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VHF Marine Radio: Asymmetry in Receive and Transmit Range Due to Bad Antennas
|Author||Topic: VHF Marine Radio: Asymmetry in Receive and Transmit Range Due to Bad Antennas|
posted 03-21-2013 10:36 AM ET (US)
I have frequently read postings in which boaters report their VHF Marine Band radio is able to receive but they cannot transmit very far, perhaps only to other stations at very close range. This article exams what is occurring in these situations.
The gain in an FM radio transmitter is limited. When you speak into the microphone, you create an electrical signal from the microphone of about –50-dBm. This electrical signal is amplified to become an output of about 20-watts to the antenna, or a signal level of +43-dBm. This gain is more or less fixed, and represents a total gain of around 93-dB.
The gain of an FM radio receiver is also limited, but typically there is much more gain available. A signal arrives from the antenna at a level of 0.1-microvolt, or –127-dBm. This signal is amplified to an audio signal to the speaker of 4-watts, or +36 dBm. This is a gain of 163-dB.
We see that the receiver is able to apply more gain than the transmitter, by about 70-dB. Now we connect a very bad antenna to the radio, one where there is some extreme problem that reduces the gain of the antenna. Normally we expect the antenna to have unity gain or perhaps +3-dB. Now the antenna has a loss, perhaps a loss of a ratio of 1000:1, or –30-dB. How does this affect our communication?
On transmit, the circuitry in the transmitter senses that the antenna impedance is very far out of range. The transmitter protects itself by reducing power to a safe level. Let us presume the transmitter reduces to 1-Watt. This reduction is a loss in transmit power of 13-dB. Now we add the additional loss of 30-dB from the reduced efficiency of the antenna. Our transmit signal is down 43-dB from normal.
On receive, receiver sensitivity is down only 30-dB, a result of the bad antenna. Now our gain differential of Transmit compared to Receive is 83-dB, that is, the original 70-dB of extra gain in the receiver plus the 13-dB lost gain in the transmitter, with the result that with the damaged antenna the radio can hear with 83-dB more gain than it can transmit. This represents a power ratio of two-hundred-million-to-one. This explains why you can still receive some stations with a very bad antenna, but when you try to transmit to them, they cannot hear you. Your receiver has at least 30-dB of reserve gain to compensate for the antenna. Your transmitter, has no reserve gain, and, in fact, to protect itself, it has shut down its power by 13-dB, further reducing the transmitted signal.
On receive, there is reduced sensitivity, but the receiver can still take in the stronger signals and amplify them—recall there was 163-dB of gain available. The ultimate sensitivity is reduced to about 3.16-μVolts. This is still enough sensitivity to hear a lot of the stronger signals.
On transmit, the effective power is reduced from 20-watts (+43-dBm) by a 30-dB loss in the antenna, and a 13-dB loss in the transmitter shut-down protection, to 0-dBm, or 1/1,000th of a watt. There is no reserve gain available. Your transmit signal is stuck at the 43-dB reduced level.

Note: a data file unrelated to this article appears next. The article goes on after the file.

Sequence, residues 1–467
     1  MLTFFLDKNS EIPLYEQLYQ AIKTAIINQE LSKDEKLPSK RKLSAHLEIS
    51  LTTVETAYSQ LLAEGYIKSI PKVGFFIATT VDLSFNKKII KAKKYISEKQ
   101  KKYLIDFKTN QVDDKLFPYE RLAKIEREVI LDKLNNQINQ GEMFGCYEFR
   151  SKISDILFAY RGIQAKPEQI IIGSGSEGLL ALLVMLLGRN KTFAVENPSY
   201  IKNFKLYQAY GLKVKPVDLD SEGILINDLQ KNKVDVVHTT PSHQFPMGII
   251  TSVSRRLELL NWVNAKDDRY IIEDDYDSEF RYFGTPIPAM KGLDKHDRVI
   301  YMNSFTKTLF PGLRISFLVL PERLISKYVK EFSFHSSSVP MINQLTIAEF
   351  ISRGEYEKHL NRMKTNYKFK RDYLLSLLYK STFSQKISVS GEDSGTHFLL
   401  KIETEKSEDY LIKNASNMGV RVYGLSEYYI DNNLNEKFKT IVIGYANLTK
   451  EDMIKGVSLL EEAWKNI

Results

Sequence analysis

In a particular path between two stations, you might wonder about the other station's reserve gain on receive. Couldn't the receiver at the other station use some of its reserve gain to make up for the 43-dB loss in the transmitted signal from the station with the bad antenna? Of course, the answer is yes. That station would be able to receive the reduced transmission from the affected antenna, making the offset in the gain only the 13-dB difference in transmitter power output. The communication circuit breaks down when this 13-dB difference becomes too much for the other station to be able to hear the affected transmitter.
If we assume path loss is proportional to 20 x log (d) (which is perhaps typical on a line of sight path), then we can see that a differential of -13dB in transmit power suggests the range of the lower power station is only 0.22 of the range of the other station. That is, given the affect of the 30-dB loss in antenna performance, the normal station can be heard by the affected station at a range of say 10-mile, but the affected station can only be heard by the normal station at a range of 2-miles.
In actual practice, the offset in receive and transmit gain may be greater than 13-dB, as the transmitter may shut down to practically no power output with a bad antenna, instead of the 1-Watt I have suggested. Also, the receiver may be more effective at getting signal from the bad antenna than the transmitter is effective at putting signal into the bad antenna. This further increases the differential between actual transmitted signal and reduced sensitivity from a lossy antenna. If we suppose the bad antenna affects the transmitter by a reduction in power to 0.25-Watt, then the offset in gain is –16-dB, and the range differential is more like 0.15. In that instance the affected station could still hear others ten miles away but could only be heard for 1.5-miles.
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